Though Casady was preoccupied with LPL as his day job, Sharry says he showed LifeYield, whose 25 employees work at 175 Federal Street in downtown Boston, lots of heart over the past few months.

"We met with Mark a number of times. He's very available, accessible and excited about it."

Clients of LifeYield include Franklin Templeton, New York Life, SunTrust Banks and two of the wirehouses. There are about 50,000 advisors using LifeYield software, a number set to double in 2017 on the strength of the Social Security application. See: Why a $1.5 billion RIA is selling internally this time -- perhaps with Schwab as 'investment bank' -- after a sale to an outsider went bad

Breakout year

With his firm's cash flow and previous investments, Sharry says that the VC funding was not critical to his LifeYield success.

"It was by no means a requirement. We wanted to be connected to quality people."

Mark Hoffman, CEO, LifeYield echoed that sense of flattery and that his firm is operating from a position of strength in welcoming its first VC money. 

“We are honored the industry veterans and leaders at Vestigo Ventures chose to put their trust and investment in our company,” he said in a release.  “We are in the midst of a breakout year and Vestigo’s investment will play an important role in accelerating our delivery of software that help investors, advisors and their firms enjoy significantly improved results.”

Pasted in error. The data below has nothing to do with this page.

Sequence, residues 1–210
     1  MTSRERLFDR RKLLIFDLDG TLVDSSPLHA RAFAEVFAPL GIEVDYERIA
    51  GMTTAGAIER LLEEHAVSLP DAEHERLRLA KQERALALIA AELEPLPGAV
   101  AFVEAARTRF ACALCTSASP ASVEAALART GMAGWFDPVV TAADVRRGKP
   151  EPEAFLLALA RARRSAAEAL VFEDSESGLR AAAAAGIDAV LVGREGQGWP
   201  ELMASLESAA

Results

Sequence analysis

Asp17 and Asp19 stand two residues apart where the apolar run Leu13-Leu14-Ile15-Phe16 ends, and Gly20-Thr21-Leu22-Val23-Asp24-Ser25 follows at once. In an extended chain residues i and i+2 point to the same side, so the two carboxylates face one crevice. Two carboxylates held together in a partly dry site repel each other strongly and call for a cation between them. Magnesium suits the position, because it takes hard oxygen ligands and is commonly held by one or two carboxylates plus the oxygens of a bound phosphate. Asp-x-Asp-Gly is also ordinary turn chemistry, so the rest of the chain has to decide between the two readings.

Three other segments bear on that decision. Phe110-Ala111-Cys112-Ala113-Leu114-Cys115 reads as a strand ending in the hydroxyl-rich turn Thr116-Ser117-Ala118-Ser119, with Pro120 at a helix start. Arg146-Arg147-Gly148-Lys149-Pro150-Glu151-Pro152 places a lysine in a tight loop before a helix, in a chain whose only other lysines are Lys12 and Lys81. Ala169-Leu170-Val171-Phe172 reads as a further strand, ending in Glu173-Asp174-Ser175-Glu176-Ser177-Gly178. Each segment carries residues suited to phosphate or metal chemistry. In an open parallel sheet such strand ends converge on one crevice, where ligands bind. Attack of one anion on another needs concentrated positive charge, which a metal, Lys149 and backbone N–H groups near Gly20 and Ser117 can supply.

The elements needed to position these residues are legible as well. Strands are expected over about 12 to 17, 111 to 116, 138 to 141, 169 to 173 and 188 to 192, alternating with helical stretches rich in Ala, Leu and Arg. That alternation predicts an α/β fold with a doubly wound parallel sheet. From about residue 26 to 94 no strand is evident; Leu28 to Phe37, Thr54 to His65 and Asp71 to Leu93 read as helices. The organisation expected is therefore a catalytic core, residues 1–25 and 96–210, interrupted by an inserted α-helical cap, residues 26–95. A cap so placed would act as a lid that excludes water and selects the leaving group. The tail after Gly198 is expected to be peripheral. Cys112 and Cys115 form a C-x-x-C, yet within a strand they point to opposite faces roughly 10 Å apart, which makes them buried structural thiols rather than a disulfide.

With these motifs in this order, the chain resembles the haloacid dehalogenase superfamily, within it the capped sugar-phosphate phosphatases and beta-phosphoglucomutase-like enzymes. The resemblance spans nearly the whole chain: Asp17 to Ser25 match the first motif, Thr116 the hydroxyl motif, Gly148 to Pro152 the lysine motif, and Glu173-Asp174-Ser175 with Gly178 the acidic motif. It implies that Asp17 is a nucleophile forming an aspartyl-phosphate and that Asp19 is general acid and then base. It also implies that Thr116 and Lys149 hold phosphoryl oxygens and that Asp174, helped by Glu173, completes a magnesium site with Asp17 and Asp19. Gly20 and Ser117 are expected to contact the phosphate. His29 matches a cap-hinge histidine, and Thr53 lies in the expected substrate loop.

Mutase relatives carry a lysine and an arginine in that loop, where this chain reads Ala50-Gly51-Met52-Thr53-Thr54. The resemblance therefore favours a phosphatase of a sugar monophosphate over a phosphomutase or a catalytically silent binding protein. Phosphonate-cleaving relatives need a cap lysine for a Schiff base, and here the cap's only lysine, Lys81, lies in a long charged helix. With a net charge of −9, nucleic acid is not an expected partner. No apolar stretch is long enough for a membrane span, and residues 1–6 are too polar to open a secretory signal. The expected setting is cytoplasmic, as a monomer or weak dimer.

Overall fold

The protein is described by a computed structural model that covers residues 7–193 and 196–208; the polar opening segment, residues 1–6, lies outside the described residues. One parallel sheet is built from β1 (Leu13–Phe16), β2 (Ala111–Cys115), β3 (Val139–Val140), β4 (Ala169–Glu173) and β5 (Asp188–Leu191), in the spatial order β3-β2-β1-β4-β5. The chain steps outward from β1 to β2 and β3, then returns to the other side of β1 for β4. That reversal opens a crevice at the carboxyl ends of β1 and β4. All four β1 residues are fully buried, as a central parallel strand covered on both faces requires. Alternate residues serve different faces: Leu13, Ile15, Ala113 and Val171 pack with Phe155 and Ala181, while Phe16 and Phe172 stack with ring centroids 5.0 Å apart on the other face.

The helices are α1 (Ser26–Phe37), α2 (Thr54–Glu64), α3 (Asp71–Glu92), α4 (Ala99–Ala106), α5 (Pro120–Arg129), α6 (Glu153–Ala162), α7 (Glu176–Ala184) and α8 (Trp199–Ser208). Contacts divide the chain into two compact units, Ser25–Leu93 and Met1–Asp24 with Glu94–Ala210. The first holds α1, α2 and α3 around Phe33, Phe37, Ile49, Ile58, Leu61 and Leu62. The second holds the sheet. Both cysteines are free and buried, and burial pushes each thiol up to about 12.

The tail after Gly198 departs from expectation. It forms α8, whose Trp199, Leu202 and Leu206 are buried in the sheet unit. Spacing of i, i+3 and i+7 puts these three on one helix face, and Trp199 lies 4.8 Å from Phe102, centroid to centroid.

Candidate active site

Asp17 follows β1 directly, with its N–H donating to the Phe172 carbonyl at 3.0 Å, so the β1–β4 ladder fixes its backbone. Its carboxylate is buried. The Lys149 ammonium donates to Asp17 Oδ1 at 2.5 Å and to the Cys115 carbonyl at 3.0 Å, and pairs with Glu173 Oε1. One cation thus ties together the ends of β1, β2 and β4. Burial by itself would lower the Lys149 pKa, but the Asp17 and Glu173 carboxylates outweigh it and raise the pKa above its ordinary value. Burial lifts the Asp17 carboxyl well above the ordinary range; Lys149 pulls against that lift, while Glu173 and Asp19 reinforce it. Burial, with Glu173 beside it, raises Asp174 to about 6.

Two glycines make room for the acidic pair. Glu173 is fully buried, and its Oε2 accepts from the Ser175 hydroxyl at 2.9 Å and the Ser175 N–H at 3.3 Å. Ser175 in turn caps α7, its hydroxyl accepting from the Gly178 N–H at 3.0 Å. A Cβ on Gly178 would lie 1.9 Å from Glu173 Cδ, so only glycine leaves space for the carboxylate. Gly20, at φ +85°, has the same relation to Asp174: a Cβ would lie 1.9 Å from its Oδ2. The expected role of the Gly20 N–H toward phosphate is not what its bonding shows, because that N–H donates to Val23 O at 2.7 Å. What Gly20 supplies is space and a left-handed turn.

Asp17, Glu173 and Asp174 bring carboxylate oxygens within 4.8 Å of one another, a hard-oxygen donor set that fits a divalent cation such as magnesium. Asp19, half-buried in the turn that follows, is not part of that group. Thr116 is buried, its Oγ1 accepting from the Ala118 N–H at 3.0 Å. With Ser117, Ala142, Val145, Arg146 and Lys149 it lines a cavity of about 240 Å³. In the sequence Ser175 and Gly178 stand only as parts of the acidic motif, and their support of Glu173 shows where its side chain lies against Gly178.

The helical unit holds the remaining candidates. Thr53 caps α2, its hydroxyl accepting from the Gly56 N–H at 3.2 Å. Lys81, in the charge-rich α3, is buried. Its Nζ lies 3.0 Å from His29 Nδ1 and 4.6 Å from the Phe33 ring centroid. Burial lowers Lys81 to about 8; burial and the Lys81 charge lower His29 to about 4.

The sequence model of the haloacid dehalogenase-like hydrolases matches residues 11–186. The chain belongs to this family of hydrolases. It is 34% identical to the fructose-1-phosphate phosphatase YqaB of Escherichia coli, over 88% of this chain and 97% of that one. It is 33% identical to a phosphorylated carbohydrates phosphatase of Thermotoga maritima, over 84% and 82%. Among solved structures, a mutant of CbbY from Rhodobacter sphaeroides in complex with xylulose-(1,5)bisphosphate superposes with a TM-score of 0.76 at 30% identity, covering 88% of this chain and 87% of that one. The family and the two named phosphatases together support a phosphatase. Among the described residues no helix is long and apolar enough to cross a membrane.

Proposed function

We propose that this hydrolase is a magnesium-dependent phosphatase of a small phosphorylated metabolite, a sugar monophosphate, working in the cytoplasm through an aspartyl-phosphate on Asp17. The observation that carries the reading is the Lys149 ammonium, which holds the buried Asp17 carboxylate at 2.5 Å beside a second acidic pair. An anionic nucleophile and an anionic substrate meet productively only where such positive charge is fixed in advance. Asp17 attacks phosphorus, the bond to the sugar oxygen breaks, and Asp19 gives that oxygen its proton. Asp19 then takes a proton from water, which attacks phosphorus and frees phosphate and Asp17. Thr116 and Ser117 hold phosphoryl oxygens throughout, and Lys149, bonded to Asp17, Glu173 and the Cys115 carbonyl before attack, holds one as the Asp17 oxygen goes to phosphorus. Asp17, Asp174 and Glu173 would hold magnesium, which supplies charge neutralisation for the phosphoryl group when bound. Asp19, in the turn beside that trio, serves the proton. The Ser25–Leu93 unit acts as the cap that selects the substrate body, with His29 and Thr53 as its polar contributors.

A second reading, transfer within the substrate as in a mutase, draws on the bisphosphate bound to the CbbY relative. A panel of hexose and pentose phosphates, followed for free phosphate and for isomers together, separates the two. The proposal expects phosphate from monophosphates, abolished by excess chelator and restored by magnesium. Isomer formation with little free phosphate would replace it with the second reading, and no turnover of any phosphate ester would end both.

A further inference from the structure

Sharry adds that the $250,000 Vestigo investment will largely go to making the Social Security app simpler and more attractive. See: RIABiz Conversations: Eugene Steuerle answers RIAs' technical questions about how to use Social Security as an annuity

Though the Social Security aspect of its software has been hot, LifeYield focuses on software that helps advisors optimize withdrawal of income across multiple accounts. It also has portfolio software that helps advisors know where to locate assets based on their tax consequences.

Vestigo's board also includes E*Trade's former president, Jarrett Lillien and former head of BlackRock iShares, Martin Beaulieu as notables on a star-studded list.


Mentioned in this article:

LPL Financial
Asset Custodian
Top Executive: Bill Morrissey

Share your thoughts and opinions with the author or other readers.


Stephen Winks said:

December 10, 2016 — 7:17 PM UTC

Perhaps Mark Casady can cross the chasm between conventional brokerage and advisory services. Prudent process (asset/liability study, investment policy, portfolio construction, performance monitor) authenticated back to non-negotiable statutory fiduciary duty (which put financial services back into the financial services business) has largely been ignored by the brokerage industry. Yet it is essential for professional standing and creating a safe environment in which brokers can work in rendering advice. Professional standing in rendering advice is based on statutory duty, not addressing disparate client objectives like education funding or retirement, etc. .Mark can cut through a lot of myths and cultural impediments that impede innovation in ways others cannot. SCW

Submit your comments: